Nearly a year after the Ford government was elected, parents and educators are calling out the province's handling of child care.
"At every step, the Ford government is making child care less stable, less affordable and less accessible for families." said Carolyn Ferns of the Ontario Coalition for Better Child Care. "This is either rank incompetence on the part of the government, or a deliberate attempt to undermine community programs. Either way the effect is child care chaos."
New mom Tracy Morris, who is currently on maternity leave, is worried about the state of child care when she heads back to work in November, "I didn't realize the child care crisis we have in Ontario until I became a parent. And the Ford government is making it worse. I'm worried that I won't be able to find a child care space at all, let alone a space that's flexible and works with my family's schedule. And if the child care fees go up it will be impossible – we can barely afford child care fees as it is."
The Coalition was at Queen's Park on Wednesday to deliver over 7000 petition signatures, collected in less than a month, calling for a reversal of all funding cuts to child care. Even after Premier Ford's promise last Monday that funding cuts were being put on hold, it was revealed that over $50 million in fee stabilization funding is still on the chopping block for this year.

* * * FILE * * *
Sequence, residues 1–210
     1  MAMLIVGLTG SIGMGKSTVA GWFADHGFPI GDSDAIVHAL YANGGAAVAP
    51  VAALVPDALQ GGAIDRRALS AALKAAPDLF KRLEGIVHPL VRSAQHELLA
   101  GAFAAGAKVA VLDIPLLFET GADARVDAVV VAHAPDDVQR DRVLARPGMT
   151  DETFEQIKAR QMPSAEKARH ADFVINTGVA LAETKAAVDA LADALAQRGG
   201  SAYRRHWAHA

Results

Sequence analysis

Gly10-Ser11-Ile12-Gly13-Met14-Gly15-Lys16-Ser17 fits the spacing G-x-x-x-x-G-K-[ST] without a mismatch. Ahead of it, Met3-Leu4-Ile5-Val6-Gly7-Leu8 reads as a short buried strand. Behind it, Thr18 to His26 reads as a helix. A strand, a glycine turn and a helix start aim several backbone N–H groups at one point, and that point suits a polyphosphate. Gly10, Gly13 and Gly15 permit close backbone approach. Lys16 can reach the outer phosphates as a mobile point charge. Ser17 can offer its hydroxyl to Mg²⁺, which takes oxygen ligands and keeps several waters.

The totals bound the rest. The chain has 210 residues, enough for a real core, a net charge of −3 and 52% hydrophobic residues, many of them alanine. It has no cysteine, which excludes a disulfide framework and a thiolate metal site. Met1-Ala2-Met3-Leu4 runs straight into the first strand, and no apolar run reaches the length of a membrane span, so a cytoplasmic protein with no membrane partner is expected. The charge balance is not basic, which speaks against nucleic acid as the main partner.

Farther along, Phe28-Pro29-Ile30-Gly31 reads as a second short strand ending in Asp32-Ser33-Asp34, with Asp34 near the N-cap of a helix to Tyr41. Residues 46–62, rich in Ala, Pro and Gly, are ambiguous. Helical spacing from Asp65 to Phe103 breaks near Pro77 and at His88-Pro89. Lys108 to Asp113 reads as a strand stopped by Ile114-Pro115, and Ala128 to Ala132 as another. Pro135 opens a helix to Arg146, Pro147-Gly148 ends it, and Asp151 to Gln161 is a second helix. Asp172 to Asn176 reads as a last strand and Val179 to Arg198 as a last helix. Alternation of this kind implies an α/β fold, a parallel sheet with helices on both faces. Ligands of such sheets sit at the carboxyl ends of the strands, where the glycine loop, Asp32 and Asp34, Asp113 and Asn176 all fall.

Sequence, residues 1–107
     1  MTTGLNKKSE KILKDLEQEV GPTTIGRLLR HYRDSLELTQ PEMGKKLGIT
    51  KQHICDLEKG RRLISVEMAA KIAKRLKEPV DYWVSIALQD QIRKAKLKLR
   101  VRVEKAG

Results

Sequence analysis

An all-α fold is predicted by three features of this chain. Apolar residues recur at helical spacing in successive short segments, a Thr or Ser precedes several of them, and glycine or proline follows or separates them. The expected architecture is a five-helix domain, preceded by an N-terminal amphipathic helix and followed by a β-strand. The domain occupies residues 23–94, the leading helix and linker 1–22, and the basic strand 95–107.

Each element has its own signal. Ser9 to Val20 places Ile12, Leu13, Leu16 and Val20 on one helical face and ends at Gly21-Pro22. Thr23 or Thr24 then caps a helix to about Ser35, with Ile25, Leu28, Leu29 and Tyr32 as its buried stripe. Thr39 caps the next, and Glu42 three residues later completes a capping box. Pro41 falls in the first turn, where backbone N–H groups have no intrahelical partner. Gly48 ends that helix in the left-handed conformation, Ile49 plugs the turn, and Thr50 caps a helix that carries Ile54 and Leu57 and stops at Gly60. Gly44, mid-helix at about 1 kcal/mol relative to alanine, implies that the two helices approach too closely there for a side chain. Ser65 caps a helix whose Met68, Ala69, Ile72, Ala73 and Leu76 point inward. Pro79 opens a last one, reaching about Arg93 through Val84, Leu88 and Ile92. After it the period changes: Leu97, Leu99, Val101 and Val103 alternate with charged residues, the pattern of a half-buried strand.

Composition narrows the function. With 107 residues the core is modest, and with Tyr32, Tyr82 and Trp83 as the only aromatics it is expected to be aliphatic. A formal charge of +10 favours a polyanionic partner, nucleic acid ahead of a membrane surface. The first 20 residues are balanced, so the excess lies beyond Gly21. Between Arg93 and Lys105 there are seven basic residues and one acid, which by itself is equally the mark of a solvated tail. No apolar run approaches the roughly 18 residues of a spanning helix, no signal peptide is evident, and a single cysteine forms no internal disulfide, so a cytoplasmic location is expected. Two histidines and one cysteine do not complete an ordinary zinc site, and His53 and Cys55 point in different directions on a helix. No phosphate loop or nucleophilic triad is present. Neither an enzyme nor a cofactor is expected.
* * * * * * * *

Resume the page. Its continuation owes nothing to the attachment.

Opposition Early Years and Child Care Critic Doly Begum, who will present the petitions to legislature, thanked the coalition for their advocacy. "Ontario families struggling to afford child care fought tooth and nail to get the Ford Conservatives to back off of municipal cuts that jeopardized subsidized child care spaces, but we have to keep fighting." said Begum. "Municipal cuts need to be canceled altogether, not merely delayed, and the Conservatives need to reverse their cut to a fund that kept child-care fees from skyrocketing even higher."
From allowing for-profit child care companies in public schools and weakening regulations in home child care, to cutting fee stabilization funding and introducing new restrictions on municipalities' ability to create child care spaces, the Ford government and Education Minister Lisa Thompson are ending the legislative session with child care policy in a state of disarray, as operators still have little clarity on funding changes.
"Nearly two months after the Ontario budget, we don't have full details on child care funding. Thousands of early childhood educators are still waiting to receive their $2 per hour wage enhancement, despite the Minister's promise that the funding would continue. Funding delays and confusion have left communities and child care programs scrambling." said Ferns.
Families and educators were joined at Queen's Park by Toronto City Councillor Mike Layton who raised concerns about Bill 108, which could halt plans for 12 child care centres in the City of Toronto, "If Bill 108 passes, it puts at risk funding that developers have previously been required to negotiate, so the City can build important community services like child care centres. I urge the province to reconsider their destructive actions on the child care file." said Layton. "Child care cannot be a race to the bottom."